Dry Aged Beef vs. Wet Aged and “Why do you hang your meat?” Two questions I get regularly, let me see if I can give you a quick, but concise answer.
Dry Aged beef is when a primal cut is placed in a cool, dry, often salt lined room, where healthy bacteria and molds are thriving and latching on to fresh meat. The meat goes in full of water and in turn has a bright ruby red color to the tissue. As the meat sits in this room, the air flow is acting as a dryer. The moisture in the meat is evaporating and the natural enzymes in the meat are changing the meat's appearance and tenderness. Many believe the sweet spot if you will for dry aged beef is between 28 and 34 days. I shoot for 28 days knowing that we will often hold that primal for another 4-6 days. When the meat comes out of the drying room it will have a noticeable amount of mold on the exterior. The meat will be firmer to the touch and much lighter. Somewhere between 30% of the water weight has been evaporated and in the meantime the enzymes in the meat have gone to work breaking down the muscle and tenderizing the meat. I like to say Dry aged meat has a distinctive toasted hazelnut flavor, buttery and nutty but with an edge of bleu cheese. We offer several levels of Dry Aged Beef; 14 day, 28 and 45… The level of Funk, ie. bleu cheesiness intensifies with each incremental time left to dry age…
Wet Aged beef is when a primal cut is kept in the cryovac packaging that the packing house used to package and transport the primal cuts. This packaging is designed to keep air out, while allowing the meat to release some of its water weight. The longer you keep it in the cryovac the more it will purge water over time. In a similar, but totally different way you are aging the beef and allowing it to naturally tenderize. Unlike dry aging however you will not get that same funkiness in flavor. I like to say a wet aged steak has a green almond, fresh butter and mild cooked spinach profile. The benefits of wet aging are a more tender steak with less bleed out on your plate. This is a steak that eats bright, rich and delicious.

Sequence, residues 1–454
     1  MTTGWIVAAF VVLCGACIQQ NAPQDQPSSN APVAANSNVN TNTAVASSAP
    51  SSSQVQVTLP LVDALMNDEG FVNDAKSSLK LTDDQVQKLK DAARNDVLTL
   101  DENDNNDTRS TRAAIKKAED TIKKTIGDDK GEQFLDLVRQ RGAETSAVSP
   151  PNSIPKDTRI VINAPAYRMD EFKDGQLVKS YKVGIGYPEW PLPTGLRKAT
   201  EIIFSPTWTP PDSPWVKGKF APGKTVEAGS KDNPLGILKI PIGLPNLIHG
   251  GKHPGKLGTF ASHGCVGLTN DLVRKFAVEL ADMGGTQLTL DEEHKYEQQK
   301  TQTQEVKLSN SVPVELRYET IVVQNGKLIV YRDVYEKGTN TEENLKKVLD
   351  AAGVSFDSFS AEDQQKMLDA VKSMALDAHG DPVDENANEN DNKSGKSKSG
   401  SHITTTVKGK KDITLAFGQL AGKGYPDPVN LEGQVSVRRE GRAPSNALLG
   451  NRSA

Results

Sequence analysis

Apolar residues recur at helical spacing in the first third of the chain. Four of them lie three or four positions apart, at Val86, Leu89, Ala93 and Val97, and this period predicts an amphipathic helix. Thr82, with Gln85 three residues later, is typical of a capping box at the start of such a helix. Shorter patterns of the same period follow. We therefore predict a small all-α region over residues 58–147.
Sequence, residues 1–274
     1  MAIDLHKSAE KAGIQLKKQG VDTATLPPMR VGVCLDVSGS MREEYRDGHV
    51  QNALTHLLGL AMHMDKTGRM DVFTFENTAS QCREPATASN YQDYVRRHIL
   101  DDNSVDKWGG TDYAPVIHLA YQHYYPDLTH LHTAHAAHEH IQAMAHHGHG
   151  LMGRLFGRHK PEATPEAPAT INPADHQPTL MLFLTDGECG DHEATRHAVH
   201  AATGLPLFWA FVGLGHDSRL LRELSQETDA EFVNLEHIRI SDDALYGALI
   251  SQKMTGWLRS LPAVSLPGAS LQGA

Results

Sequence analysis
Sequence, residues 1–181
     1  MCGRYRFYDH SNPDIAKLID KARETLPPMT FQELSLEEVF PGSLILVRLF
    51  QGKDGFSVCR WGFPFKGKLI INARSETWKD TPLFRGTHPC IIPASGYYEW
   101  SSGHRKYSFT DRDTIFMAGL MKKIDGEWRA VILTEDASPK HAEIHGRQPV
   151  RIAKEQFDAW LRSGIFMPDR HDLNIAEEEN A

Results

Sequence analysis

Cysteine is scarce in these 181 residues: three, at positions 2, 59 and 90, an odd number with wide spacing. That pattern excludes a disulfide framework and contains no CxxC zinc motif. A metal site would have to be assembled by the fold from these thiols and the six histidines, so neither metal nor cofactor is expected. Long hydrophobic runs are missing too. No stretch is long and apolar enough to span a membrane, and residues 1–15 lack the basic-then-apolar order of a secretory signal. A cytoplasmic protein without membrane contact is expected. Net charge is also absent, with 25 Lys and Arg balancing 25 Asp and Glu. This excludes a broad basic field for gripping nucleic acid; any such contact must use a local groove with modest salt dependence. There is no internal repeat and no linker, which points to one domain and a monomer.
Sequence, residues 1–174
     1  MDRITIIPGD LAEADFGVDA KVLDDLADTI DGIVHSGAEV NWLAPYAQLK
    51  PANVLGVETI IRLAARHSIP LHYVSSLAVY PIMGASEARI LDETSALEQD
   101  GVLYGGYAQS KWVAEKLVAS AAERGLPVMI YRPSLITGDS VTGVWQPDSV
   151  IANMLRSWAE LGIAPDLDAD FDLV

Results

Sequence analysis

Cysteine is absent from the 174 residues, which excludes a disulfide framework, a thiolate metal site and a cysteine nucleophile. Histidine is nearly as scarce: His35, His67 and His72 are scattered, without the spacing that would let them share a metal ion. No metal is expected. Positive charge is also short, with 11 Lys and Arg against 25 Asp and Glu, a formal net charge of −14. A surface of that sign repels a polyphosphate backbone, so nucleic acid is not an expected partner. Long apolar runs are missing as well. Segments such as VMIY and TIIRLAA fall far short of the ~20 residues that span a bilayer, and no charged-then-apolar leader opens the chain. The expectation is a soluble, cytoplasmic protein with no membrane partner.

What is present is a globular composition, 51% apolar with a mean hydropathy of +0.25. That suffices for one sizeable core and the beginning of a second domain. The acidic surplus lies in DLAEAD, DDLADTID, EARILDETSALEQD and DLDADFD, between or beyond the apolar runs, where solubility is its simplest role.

So, why do we hang our meat? Outside of looking way cool, we like to allow the wet aged primals to air dry, both setting the color and stopping the wet aged beef to continue to bleed once in our display case. And did I mention it looks way cool, but it does have a purpose.
Over the past few weeks I have been trying to fulfill special requests and the market has been a little challenging for some of what I consider normal specialty items. As a Chef, I have often and easily been able to add game into a menu with a quick phone call to one of my purveyors. That has been a little less the case recently; Supply chain issues, I guess… the song, Where have all the Cowboys gone, rings in my head… That said, it was a windfall of wild game this week… Elk chops and tenderloin are in house, not a tremendous amount, so come by early or call and preorder and we can slap your name on some. We have venison back straps and wild boar shoulders, all in limited quantity and all beautiful. Both venison and elk are a sweet, clean meat that are both lean with a mild game flavor and bright grassy notes. All of them are pasture raised on ranches that practice excellent animal husbandry and all the best practices for slaughter and processing. Grab a boar shoulder to smoke or braise and you won't be disappointed.